Richard, my Friend, no one (such as you are) who loves Truth, will ever be rejected by God. Even less so would God ever turn away a man who believes in Love as you do.

But now back to my puppy. He has developed a perverted desire for me to rub his belly whenever I call him “good”. What a perverted Gothic freak he is! 😉 🙂

September 2, 2007 @ 5:13 am | Comment

>>appear to be criticising China for not managing to complete within the last 15 years all of the reforms and changes that took the western world 150 years to complete.

But I thought China was America in 1890? (That’s why they have a piracy problem.) No, wait, it is pre-Enlightenment Europe. (That’s why they don’t have a free press.) No, it is Industrial Revolution England. (That’s why they have a pollution problem.) No, it’s Geico Caveman Finland! (That’s why people spit on the street.) On and on.

People tend to go overboard with these historical analogies and take them too literally. Although it is sometimes useful to compare different countries in different eras, it is inherently misleading. For example, acting as though China — a country with a largely secular history and culture that is officially atheist and has deified science and technology for the past century — were comparable to pre-Enlightenment Europe.

China has its own history — it isn’t a cheap knockoff of some model of some other country’s past. Countries aren’t models and neither is history, despite what Hegel may think.

The CCP is guilty of this kind of historical analogy shopping more than anyone else — they’ve abandoned Marx, but not his obsession with “stages.” But there is no shortage of this type of thinking in the West, either, obviously. (Uh, where they picked up this conception of history in the first place.)

September 2, 2007 @ 7:28 am | Comment

“About the wealth flaunting – there was a very different attitude toward it in the gilded age than what you see in China and in the US (did you catch that I said that Phil – in the US as well?). You did not one-up your neighbor, and in fact the super-rich tended to hide their wealth, not flaunt it. It was the nouveau riche who rubbed it in their neighbors’ faces, and still do.”

Have you ever considered that with only 30 years of post-socialist economic restructuring, most rich in China are nouveau riche?

The kids of the nouveau riche tend to be a lot more modest than their parents. They also tend to be more well-educated (with Ivy League degrees coming out the demon hole as opposed to the CR) but I digress.

September 2, 2007 @ 8:55 am | Comment

Nature can just as easily (and with far more “reason” and “rationality”) have the opposite effect on others, who (rightly so) see in it nothing but merciless “survival of the fittest”, like the Nazis did.

So can and does religion. Where believers can easily come under the impression that it is glorious to kill infidels, because their holy books say so. And they did and do it all the time.

But anyway, my argument was that I don’t need religion for humility. That statement of yours doesn’t counter it, does it. It just states that nature can have other effects on other people. (And I doubt that it was nature that inspired the Nazi ideology. One or two books would come to my mind that had a considerably bigger effect, I’d say)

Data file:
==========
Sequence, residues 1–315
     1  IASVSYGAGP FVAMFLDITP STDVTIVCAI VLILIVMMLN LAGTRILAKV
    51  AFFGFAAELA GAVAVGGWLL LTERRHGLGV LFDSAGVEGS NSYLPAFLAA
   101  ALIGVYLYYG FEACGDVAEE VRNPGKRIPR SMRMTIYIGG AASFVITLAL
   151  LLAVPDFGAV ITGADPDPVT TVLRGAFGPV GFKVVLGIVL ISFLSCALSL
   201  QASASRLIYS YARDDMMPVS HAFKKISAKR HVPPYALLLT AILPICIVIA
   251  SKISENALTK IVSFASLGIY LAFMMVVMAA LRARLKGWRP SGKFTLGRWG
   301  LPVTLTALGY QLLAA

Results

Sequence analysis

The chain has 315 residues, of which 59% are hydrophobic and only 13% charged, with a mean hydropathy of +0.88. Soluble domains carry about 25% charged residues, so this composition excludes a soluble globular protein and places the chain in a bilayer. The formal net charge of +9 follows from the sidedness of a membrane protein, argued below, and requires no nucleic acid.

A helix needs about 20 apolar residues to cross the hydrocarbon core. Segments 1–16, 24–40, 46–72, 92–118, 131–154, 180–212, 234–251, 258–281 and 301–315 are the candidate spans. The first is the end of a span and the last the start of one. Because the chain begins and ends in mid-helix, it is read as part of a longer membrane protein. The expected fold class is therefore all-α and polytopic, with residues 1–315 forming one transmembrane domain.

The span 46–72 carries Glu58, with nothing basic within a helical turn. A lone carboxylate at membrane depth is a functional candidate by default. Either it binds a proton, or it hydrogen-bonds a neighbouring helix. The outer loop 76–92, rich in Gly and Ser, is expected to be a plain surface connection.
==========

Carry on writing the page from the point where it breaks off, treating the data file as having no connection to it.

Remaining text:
But then, if Man has a unique nature among all creatures, then doesn’t that refute any absolute Darwinian law of “survival of the fittest”, and then place all of our “Enlightenment” conceptions of “Man as just another part of Nature like all others” into question?

Ivan, I am disappointed. You are more intelligent than that statement. I guess this is one of the cases were religion get’s the better of reason. It’s dangerous as I said : )

Why should it refute Darwin. Why? Where are mans unique abilities contrary to Darwin’s theory? Where? (by the way we are not as unique as most think. Primates, like Bonobos, have extraordinary skills, that make us look a little less special. Though I have to admit there never was one observed building an altar and praying for rain)
Man has the ability to reflect about himself. Ask were we come from and think about ethics and so on. It’s our highly developed brain that makes us special. We can influence and change our environment in a way no other animal can. Darwin’s theory, again, is about the success (in breading) of those species or creatures best adopted to their environments. Now, man can change the environment so that it fits him better. That’s the secret of the success of mankind. Where does this refute Darwin?

And the question, “what FOR” is essential here, because such extraordinary creations as Man, do not happen just by mere accident without any teleological purpose.

Why don’t they happen without a teleological purpose? Because your mind resists to consider the possibility, that there is no “What For”? That’s not realy an argument, Ivan, let alone a proof.

BTW, I think Bill Gates sold his sould to the devil.

September 2, 2007 @ 10:29 am | Comment

soul, not sould

September 2, 2007 @ 10:37 am | Comment

Humility is the state of being humble. A humble person is generally thought to be unpretentious and modest: someone who does not think that he or she is better or more important than others. Humility is not to be confused with humiliation, which is the act of making someone else feel ashamed, and is seen as something completely different.
en.wikipedia.org/wiki/Humility

September 2, 2007 @ 11:05 am | Comment

“…and they have absolutely NO “humility” except toward creatures whom they perceive to be stronger.”

The analogy with Richard’s earlier comment about the attitudes of the rich in China blows me away.

September 2, 2007 @ 11:26 am | Comment

you mean the rich everywhere?

September 2, 2007 @ 12:56 pm | Comment

Can we end this thread?

September 2, 2007 @ 1:34 pm | Comment

“you mean the rich everywhere?”

No. Bill Gates is clearly an exception.

September 2, 2007 @ 2:02 pm | Comment